• go to bed at 1 AM, and get up at 5 AM
      • wash your hair in the morning
      • NO hair spray, NO gel, NO mouse, NO oil
      • DO NOT style your hair: NO braids, NO ponytails
      • Wear a button down shirt or blouse
      • NO perfumes or body lotions (you MAY wear deodorant
  • The EEG tech will remind you about your appointment and answer any questions you may during the test.

When will you get the results of the test?

  • After the completion of the test, Dr. Athni will review the recorded “brain waves” and put together an analysis or “report”.
  • This will be reviewed with you on your next office visit.

Diagnostic Cardiovascular Ultrasound

Is the office “Accredited”?

  • Our office Ultrasound Lab is accredited by the American College of Radiology (ACR).
  • Such an accreditation implies that we meet a high standard of proficiency in performing these tests, by qualified and certified technicians.
  • Our office is the only Neurology office in Middle Georgia to be fully accredited by the ACR.

What is an “Ultrasound”?

  • An Ultrasound test is a non-invasive test used to visualize organs or blood flow inside the body.
  • There are no needles involved.
  • You will be fully awake and alert during the test.
  • Ultrasound tests are NOT painful.

How is an ultrasound test performed?

  • An “ultrasound probe” takes “real time” pictures of objects inside your body.
  • The probe is moved on the surface of your skin, over the part of the body we are trying to visualize. The other end of the probe is connected to a computer.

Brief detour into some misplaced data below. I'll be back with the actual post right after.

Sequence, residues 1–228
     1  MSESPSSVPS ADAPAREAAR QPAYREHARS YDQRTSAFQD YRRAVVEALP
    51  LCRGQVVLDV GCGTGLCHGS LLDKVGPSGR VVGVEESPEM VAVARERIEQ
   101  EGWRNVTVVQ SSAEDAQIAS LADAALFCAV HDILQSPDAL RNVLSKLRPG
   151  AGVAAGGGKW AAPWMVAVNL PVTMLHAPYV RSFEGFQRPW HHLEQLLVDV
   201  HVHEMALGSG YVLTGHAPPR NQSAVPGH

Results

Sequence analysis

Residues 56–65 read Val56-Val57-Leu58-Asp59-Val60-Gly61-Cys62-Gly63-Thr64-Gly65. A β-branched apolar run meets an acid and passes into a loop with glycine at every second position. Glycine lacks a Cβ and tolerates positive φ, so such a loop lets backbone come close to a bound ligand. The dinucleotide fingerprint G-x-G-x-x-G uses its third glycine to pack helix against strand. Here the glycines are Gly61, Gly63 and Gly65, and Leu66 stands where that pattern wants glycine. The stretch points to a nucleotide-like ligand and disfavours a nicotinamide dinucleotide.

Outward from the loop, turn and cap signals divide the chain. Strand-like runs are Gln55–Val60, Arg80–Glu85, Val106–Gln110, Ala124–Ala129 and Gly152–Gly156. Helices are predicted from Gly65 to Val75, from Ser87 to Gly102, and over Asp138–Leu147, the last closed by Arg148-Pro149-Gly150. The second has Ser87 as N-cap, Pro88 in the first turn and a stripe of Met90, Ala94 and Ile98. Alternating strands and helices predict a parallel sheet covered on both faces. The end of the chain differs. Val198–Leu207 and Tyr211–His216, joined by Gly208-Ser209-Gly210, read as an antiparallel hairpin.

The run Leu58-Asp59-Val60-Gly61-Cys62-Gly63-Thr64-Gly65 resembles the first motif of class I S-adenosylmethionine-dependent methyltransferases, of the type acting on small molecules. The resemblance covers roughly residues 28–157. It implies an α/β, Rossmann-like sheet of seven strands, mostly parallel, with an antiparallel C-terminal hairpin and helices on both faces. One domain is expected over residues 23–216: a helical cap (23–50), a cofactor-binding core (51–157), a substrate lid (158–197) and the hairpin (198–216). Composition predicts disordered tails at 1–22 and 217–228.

• As the probe “sees” the objects inside your body, the computer records these images for later analysis.

Who performs the Ultrasound test?

  • Any ultrasound examination done in our office is performed by a Board Certified Ultrasonographer.
  • Our lead Ultrasonograher is Mike T, who has been performing ultrasound studies for over 15 years.

What is an Echocardiogram or Echo?

  • An Echocardiogram, also called an “Echo”, is an ultrasound test of your heart. It visualizes the beating heart, the pumping blood, and the valves inside your heart.

What is a Carotid Doppler study?

  • A Carotid Doppler study is to visualize the blood flow in the major blood vessels going to your brain, including the internal carotid arteries and the vertebral arteries.

Why is an Echo or Carotid Doppler study ordered?

  • An Echo and Carotid Doppler tests are typically ordered as part of a “stroke work up”, looking for various causes for strokes.

NeuroTrax Test

What is a “NeuroTrax” Test?

  • A NeuroTrax test is a computerized test to assess whether you have any cognitive impairment caused by your medical / neurological conditions.
  • It is an office based NeuroPsychology test.

How is it performed?

  • The test is performed on a computer, although you do NOT have to know how to use a computer to take this test.